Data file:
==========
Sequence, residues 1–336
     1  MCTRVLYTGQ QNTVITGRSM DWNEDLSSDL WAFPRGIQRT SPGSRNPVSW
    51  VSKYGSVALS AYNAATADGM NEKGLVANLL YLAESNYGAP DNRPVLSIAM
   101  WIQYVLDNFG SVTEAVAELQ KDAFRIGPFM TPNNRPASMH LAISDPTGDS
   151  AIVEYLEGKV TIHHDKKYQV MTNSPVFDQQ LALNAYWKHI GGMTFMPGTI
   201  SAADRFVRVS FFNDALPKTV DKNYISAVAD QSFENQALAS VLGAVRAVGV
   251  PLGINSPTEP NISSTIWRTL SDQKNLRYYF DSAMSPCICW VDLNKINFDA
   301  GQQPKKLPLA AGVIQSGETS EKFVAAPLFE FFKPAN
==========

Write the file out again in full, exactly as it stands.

Sequence, residues 1–336
     1  MCTRVLYTGQ QNTVITGRSM DWNEDLSSDL WAFPRGIQRT SPGSRNPVSW
    51  VSKYGSVALS AYNAATADGM NEKGLVANLL YLAESNYGAP DNRPVLSIAM
   101  WIQYVLDNFG SVTEAVAELQ KDAFRIGPFM TPNNRPASMH LAISDPTGDS
   151  AIVEYLEGKV TIHHDKKYQV MTNSPVFDQQ LALNAYWKHI GGMTFMPGTI
   201  SAADRFVRVS FFNDALPKTV DKNYISAVAD QSFENQALAS VLGAVRAVGV
   251  PLGINSPTEP NISSTIWRTL SDQKNLRYYF DSAMSPCICW VDLNKINFDA
   301  GQQPKKLPLA AGVIQSGETS EKFVAAPLFE FFKPAN